Essential patents: what are they?

 Philippe Gilliéron

About this author

Philippe Gilliéron | Profile | News

Post published on in Intellectual property

- Philippe Gilliéron
Share on Linkedin Share on Whatsapp Share by email Print this article Download PDF

The economic rationale of patents is well known. Without the granting of this form of monopoly for a certain period of time, 20 years from their filing to be more accurate, companies would have no interest in investing massively in their research and development department.

If this argument appears to be well-founded in certain industries such as the pharmaceutical industry, it is, on the other hand, debated in other fields, such as software or technology, to the point of leading some to doubt the validity of the uniform approach enshrined in patent law, which was born at the dawn of the industrial revolution at a time when knowledge was not as diversified as it is today.

The granting of patents in the IT field is indeed not without problems at a time when interoperability between systems is becoming a central element in the increasingly digitalized society in which we live. Whether we think of the field of telecommunications or that of the Internet of Things, their proper functioning requires the adoption of standards allowing these different devices to communicate with each other.

However, if the objective of standards is to allow the rapid adoption of technologies and interoperability between systems, the granting of patents, far from encouraging innovation, appears to be a potential brake in this respect.

This is where the notion of essential patents comes in. Many of the standards that have enabled the successful deployment of 4G, 5G or WiFi networks are indeed based on thousands of patents. It is easy to imagine that if we had to systematically negotiate a license with each patent holder involved in the development of such a standard, their adoption would be an illusion and would considerably hinder the massive adoption of technologies in the telecommunications field in particular.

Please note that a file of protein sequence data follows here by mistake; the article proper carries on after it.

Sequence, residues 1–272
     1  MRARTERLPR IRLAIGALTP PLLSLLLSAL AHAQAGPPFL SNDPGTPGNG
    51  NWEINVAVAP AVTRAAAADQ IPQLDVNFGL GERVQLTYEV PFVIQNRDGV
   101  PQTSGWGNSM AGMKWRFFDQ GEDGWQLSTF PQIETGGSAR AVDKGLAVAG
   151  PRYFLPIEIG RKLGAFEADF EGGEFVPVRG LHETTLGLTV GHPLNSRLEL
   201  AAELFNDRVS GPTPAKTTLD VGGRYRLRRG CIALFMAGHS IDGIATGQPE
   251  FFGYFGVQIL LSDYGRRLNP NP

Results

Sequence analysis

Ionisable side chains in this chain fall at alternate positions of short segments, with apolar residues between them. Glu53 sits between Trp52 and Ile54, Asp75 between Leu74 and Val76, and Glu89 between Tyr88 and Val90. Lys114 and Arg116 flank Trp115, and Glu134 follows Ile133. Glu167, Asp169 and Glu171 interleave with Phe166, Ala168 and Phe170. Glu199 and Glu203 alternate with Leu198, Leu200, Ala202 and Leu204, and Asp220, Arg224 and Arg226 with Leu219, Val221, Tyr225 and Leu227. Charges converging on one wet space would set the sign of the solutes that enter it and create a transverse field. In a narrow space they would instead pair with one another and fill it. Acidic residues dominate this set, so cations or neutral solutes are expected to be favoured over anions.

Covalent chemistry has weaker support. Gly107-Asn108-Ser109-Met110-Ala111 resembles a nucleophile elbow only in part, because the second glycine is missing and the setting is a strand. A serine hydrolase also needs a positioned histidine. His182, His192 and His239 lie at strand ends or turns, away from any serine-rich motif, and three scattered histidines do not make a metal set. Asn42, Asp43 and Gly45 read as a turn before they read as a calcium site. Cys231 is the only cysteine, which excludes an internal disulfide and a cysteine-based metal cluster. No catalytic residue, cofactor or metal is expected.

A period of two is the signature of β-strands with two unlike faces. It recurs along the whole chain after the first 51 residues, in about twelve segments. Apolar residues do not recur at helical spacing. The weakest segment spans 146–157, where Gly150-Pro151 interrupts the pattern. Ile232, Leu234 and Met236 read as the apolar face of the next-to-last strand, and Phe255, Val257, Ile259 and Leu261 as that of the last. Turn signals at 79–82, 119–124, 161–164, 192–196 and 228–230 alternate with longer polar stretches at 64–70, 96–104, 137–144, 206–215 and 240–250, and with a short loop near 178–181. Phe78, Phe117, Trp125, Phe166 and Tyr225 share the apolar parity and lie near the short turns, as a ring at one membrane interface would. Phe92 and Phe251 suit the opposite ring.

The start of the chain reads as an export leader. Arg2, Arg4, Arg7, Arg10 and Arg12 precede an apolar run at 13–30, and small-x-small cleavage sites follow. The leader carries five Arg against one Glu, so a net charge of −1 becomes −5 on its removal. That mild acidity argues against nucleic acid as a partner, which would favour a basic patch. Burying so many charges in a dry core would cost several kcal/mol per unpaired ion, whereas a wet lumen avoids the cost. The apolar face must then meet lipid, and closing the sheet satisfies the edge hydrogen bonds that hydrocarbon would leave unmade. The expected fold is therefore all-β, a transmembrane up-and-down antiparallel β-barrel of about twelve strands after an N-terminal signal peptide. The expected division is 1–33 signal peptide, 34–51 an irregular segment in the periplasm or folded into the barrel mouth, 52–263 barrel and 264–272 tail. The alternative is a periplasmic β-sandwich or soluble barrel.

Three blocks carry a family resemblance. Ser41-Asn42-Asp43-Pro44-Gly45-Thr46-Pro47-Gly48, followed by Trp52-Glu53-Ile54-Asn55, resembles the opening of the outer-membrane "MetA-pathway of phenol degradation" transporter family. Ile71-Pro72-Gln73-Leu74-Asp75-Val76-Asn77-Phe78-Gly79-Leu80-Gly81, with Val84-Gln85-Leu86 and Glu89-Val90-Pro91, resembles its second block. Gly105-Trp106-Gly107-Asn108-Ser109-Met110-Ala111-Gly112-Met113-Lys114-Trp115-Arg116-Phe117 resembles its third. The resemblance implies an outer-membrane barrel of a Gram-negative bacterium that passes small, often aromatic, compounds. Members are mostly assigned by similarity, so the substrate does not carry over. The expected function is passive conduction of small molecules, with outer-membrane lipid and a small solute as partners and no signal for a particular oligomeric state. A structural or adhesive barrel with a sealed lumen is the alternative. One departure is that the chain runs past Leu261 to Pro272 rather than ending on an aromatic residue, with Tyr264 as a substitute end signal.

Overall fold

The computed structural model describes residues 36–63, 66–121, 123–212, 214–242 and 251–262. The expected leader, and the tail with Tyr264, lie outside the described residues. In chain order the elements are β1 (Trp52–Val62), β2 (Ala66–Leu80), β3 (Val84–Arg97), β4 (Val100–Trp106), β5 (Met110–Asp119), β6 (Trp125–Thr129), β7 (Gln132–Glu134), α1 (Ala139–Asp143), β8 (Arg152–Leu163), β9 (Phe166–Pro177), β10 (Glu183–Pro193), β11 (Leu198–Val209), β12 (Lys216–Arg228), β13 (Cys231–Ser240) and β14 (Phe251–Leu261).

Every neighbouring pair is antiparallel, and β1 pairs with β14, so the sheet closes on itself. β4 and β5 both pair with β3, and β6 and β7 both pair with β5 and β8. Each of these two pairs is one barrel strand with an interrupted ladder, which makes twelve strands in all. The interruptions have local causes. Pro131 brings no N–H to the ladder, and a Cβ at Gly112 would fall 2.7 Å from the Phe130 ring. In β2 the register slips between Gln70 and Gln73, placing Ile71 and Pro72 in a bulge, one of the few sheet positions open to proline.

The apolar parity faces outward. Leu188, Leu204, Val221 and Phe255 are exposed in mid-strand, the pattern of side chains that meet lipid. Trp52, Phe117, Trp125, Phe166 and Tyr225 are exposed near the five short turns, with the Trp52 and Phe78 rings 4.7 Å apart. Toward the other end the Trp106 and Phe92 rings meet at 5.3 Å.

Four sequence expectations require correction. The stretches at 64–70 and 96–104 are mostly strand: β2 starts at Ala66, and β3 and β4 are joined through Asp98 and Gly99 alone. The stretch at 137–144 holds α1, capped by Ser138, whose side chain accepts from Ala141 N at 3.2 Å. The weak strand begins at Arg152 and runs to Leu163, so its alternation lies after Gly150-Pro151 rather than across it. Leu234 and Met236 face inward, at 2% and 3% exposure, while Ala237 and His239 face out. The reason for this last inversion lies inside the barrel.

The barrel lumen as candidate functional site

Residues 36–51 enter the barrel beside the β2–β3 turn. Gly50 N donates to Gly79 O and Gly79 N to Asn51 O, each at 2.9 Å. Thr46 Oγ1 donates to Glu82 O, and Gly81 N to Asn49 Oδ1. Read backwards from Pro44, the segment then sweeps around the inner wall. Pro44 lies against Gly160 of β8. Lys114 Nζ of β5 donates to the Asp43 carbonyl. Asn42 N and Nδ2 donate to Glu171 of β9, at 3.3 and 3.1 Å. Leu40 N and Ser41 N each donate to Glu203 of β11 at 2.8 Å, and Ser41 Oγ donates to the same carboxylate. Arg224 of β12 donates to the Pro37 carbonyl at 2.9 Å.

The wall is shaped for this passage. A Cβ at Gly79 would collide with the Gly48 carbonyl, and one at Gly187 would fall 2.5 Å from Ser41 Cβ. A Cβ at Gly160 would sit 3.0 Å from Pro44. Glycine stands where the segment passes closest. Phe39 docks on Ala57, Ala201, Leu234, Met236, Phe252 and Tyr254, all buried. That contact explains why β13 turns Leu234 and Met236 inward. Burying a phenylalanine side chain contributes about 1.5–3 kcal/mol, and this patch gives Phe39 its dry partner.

To overcome this problem, some organizations identify patents that are considered essential for the adoption of these standards, hence the name “standards essential patents“. These patents, if they are indeed considered essential, must then be licensed under so-called “FRAND” (Fair, Reasonable and Non-Discriminatory) conditions.

If the principle is established, the difficulty lies in knowing how to apply it. Cases on this subject are rare. In the only case rendered to date by the Court of Justice of the European Union in this area, C-170/13 Huawei Technologies Co. Ltd v. ZTE Corp. of July 16, 2015, the CJEU held that the holder of a patent essential to a standard set by a standards body does not abuse its dominant position if it acts in violation of its patent, provided that:

  • he warned the infringer of the violation; that
  • after the infringer has expressed its willingness to enter into a license agreement on FRAND terms, the infringer has transmitted to the infringer a concrete, written offer to license on such terms, specifying, inter alia, the royalty and the manner of its calculation; and
  • the infringer does not diligently pursue this offer and continues to exploit the patent.

While it thus appears to be clear that the holder of an essential patent is not deprived of the possibility of bringing an action for patent infringement, many questions remain unclear: how to assess whether such a patent is essential if this qualification is likely to be challenged? Under what conditions is the holder supposed to meet FRAND requirements when granting a license?

Aware of the increasing role played by these patents but also of the many uncertainties surrounding their essential nature and the conditions for granting FRAND licenses, the European Commission set up a working group on the subject which delivered an important report in January 2021, intended to serve as a working basis for the European Commission.

We can bet that essential patents will play an increasing role in the years to come, and that the knowledge of the conditions for their grant and the terms to be negotiated will certainly present an added value. If litigation in this field will certainly increase, offering the courts the possibility to examine these questions and to refine a jurisprudence that is still very incomplete, one can only hope that the work of the Commission will allow to ensure a better transparency in a field where such is the objective, which is still far from being achieved.

Do you have questions about his topic?

Contact Us